Make sure you get copies
of all written information about your child (records, reports,etc.). This will
help you become an important coordinator of services and a better advocate for
your child. Remember, as time goes on, you'll probably have more information
to keep track of, so it's a good idea to keep it together in one place.
SAMPLE RECORD KEEPING WORKSHEET
Name of person or agency
you talked to:
Name of your contact person
Date you called:
Results of discussion:
Person not helpful on this
topic, but may be helpful regarding (list topics/areas/issues):
Q: What is an evaluation?A: Evaluation means the procedures
used to determine whether a child has a disability and the extend of the special
education and related services the child needs. In regards to your child, this
information may come from:
-- Doctors' reports;
-- Results from developmental tests given to your child;
-- Your child's medical history;
-- Observations and feedback from all members of the assessment team, including
-- Any other important observations, records, and/or reports about your child.
Q: Who conducts my child's
evaluation?A: Your child's evaluation
will be conducted by a multidisciplinary team of group of persons. Who is involved
will depend on the rules in your state or school district. Ask your school contact
person what the policy is for getting an evaluation for your child.
Q: Will I have to pay for
the evaluation or for any services my child may be eligible for?A: Special education services
are offered for 3-5-year-olds at no cost to parents. The assessment and evaluation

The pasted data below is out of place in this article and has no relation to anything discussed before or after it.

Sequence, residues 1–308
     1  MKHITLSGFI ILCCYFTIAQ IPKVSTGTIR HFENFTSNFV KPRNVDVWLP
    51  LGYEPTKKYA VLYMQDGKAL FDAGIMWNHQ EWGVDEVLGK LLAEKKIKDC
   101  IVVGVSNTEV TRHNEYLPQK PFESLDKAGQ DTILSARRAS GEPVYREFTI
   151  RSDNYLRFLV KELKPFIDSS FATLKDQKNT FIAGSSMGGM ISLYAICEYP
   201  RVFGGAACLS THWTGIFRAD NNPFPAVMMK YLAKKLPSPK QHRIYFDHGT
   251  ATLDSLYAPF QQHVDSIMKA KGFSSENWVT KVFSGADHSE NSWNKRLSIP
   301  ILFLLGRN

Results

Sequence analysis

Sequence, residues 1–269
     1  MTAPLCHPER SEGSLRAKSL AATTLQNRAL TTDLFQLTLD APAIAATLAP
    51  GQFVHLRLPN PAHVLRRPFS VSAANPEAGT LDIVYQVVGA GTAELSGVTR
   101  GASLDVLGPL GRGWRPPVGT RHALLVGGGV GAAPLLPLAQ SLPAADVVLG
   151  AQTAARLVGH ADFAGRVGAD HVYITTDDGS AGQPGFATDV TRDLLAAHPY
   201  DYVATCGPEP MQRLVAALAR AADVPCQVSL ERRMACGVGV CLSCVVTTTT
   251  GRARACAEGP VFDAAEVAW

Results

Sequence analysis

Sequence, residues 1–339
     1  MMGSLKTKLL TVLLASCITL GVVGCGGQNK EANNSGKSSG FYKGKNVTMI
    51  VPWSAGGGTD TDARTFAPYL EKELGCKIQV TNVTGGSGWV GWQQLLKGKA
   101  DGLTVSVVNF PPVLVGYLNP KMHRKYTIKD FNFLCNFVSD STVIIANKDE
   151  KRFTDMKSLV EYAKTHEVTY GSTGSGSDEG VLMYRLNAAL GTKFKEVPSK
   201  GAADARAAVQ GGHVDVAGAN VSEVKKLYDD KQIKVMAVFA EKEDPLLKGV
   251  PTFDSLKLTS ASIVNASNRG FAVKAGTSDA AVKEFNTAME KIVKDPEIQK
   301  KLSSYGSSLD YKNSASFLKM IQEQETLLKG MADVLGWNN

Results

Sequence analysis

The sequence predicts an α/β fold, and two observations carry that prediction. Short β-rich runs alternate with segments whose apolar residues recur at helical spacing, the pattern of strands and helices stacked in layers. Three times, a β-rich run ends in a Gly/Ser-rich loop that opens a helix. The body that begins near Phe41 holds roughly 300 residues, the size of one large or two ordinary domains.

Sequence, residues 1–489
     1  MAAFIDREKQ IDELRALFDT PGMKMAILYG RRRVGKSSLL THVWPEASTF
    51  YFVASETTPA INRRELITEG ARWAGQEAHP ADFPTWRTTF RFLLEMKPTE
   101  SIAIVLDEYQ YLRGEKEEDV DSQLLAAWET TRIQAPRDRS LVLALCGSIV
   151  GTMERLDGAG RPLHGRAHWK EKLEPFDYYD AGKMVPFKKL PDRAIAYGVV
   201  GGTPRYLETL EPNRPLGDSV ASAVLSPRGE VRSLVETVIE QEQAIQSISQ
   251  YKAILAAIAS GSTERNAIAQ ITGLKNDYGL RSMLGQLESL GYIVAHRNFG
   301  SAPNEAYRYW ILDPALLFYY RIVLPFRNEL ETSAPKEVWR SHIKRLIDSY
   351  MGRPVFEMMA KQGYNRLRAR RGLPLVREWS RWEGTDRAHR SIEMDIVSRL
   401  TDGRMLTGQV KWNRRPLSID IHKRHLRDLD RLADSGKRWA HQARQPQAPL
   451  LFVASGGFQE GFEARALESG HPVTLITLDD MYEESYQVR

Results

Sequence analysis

process is considered part of these services and is provided at no cost to families.
Q: Are there any parent
groups in my area that can give me more information about special education?A: There are several types
of parent programs, including:
-- Support groups (such as Parent-to-Parent) for families of children with disabilities;
-- Parent training and information programs funded by the federal government,
such as the Technical Assistance for Parent Programs (TAPP) Project; and
-- Groups concerned with a specific disability, such as United Cerebral Palsy
Associations, Inc. (UPCA), or the Arc (formerly the Association for Retarded Citizens
of the United States).
Parent groups can offer
information, support, and/or training to families of children with disabilities
to help them take a more active role in their children's education. Through
such groups, families meet other families with similar needs to discuss local
resources, daily problems, and personal insights. For more details on these
and other parent groups, contact NICHCY and ask for our "Parent's Guide
to Accessing Parent Groups."
National Information Center
for Children and Youth with Disabilities - Update August, 1994
A Parent's Guide to Accessing Programs For Infants, Toddlers, and Preschoolers
National Information Center
for Children and Youth with Disabilities
P.O. Box 1492
Washington, DC 20013
Web site: http://www.nichcy.org/